When is Snoring an Issue?

Woman annoyed by the snoring of her partner in her bed

It’s not entirely true that snoring is not normal. Stigmatized in society, snoring is associated with obesity and aging. In fact, while weight gain and the aging factors that act specifically on the throat muscles can lead to increased snoring, basically everyone snores at least occasionally. Causes range from alcohol consumption, to heavy allergies, to a sinus infection.

Besides the overweight and the elderly, groups notorious for snoring are those with enlarged tonsils or adenoids—this group includes children. Others may snore because they have a deviated septum, or nasal polyps.

Sufferers across the snoring spectrum do not always know how much they snore. You’re asleep, obviously, and if you sleep alone there are no witnesses. People who snore infrequently often realize it when their obstructed nasal passages wake them up. Otherwise, those who snore while in a deep sleep stay oblivious. It’s important for these people, especially, to keep up with their sleep education.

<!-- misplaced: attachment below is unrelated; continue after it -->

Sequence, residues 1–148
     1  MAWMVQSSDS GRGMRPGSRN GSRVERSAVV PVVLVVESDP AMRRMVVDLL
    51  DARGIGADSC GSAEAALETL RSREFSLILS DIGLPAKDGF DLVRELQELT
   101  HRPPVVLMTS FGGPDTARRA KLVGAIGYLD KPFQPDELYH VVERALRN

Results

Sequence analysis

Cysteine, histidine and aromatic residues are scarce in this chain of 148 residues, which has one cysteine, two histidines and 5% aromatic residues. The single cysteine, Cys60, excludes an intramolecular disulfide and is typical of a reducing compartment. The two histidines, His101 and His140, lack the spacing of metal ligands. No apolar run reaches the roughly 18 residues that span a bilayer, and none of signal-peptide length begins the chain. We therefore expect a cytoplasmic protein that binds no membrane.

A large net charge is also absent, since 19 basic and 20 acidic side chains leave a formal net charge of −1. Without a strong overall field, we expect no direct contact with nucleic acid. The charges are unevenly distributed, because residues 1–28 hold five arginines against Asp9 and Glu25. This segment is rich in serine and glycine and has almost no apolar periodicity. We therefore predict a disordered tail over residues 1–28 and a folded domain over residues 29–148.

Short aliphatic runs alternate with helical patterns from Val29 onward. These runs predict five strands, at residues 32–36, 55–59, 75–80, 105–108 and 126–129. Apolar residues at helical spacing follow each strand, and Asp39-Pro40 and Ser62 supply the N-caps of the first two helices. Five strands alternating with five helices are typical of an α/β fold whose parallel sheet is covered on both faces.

If you snore a lot, you may have sleep apnea. This is a condition in which altered airflow creates what is called an apneic event, or sleep interruption. Chronic sufferers may wake up dozens of times per night because they stopped breathing. This condition can become quite serious if left untreated. So if you’ve been told you snore, we advise you to contact our expert in sleep apnea in Thousand Oaks.